My Mom: No, it’s fucking weird.
Me: *explains performance art*
My Mom: It’s still fucking weird.
It’s acts like this one—and also Kanye’s sometimes brazen disregard for the achievements and abilities of others (like dismissing Beck’s qualifications as an artist when the long-time writer/producer/singer writes every song and plays multiple instruments on his albums)—that make him an increasingly polarizing figure in pop-culture. He is at once revered by some and reviled by others.
Indeed, he seems to have unabashedly healthy self-regard, promoting his status as a ‘great artist’: “I was a gifted artist since age five and won national competitions and went to art school,” Kanye told Billboard. It is also widely known that Kanye West dropped out of art school. And yet, now he will be receiving an honorary doctorate. Is this an accolade he deserves given his history as an art school dropout trading formal academic training for a career as one of the world’s most commercially successful rappers? How does the art world view this act?
In his Fader article on the topic, Matthew Trammel discusses how some Art Institute students were not pleased with their school’s recognition of Kanye West, so much so that they actively campaigned against the award. Like these students, many in the institutional art world are quite critical. From their perspective, the Kanye doctorate is a publicity stunt to gain popular recognition, rather than honor someone who has contributed to art and culture.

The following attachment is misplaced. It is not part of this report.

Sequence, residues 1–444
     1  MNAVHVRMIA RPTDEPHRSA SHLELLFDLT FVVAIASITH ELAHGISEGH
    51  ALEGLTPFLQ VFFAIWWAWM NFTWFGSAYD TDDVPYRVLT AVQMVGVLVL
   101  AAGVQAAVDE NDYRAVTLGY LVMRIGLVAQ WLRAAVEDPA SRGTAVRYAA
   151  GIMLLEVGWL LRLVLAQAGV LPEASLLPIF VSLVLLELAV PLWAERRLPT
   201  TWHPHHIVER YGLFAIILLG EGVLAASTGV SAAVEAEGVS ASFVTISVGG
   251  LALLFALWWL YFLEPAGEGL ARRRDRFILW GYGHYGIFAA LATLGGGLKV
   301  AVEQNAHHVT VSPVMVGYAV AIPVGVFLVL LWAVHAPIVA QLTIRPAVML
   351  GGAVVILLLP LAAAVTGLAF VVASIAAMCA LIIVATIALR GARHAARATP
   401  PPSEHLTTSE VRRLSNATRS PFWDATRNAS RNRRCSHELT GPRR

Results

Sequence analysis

This is the crisis of Kanye. Does he deserve this award? Is he a great artist, or just a pop star? Should he be allowed within the exclusive realms of high culture or confined to a mere low culture stature? Or, is he in fact operating in both realms? Can we appreciate artists serving both roles in tandem, or is it just that the lines are so blurred between high and low that we’re beginning to consume all culture in the same way? Hence, the term cultural omnivore becomes increasingly more useful and necessary. Maybe, in the end, all that matters is that people find Kanye interesting, and he considers himself a great artist. As Modernism taught us, if one declares it art, then it is art. We don’t have to particularly like said art, but we have to appreciate the act as art because it is declared as such.
I was first told of Kanye’s award during a meeting with Pair Shaped founders Tony Cleasby and Weston Lyon. Tony, who is based in Chicago, described the event as a controversial topic in the arts community. It even started debate within our own ranks. Weston was somewhat wary of Kayne receiving the award while potentially more deserving, less famous artists remain unacknowledged. I simply shrugged and said, “that makes sense, he is a performance artist in a way.”
We can only hope that when Kanye goes up to the podium to receive his award, events will transpire much in line with Tony’s vision of the moment: “For his acceptance speech, I imagine Kanye, to the beating flash of cameras and hesitant trilling of well-healed patrons, leaning into the microphone to utter critical embrace of all the appropriate absurdity and cubist wonder of the event: ‘Everybody know we a motherfuckin’ monster.’”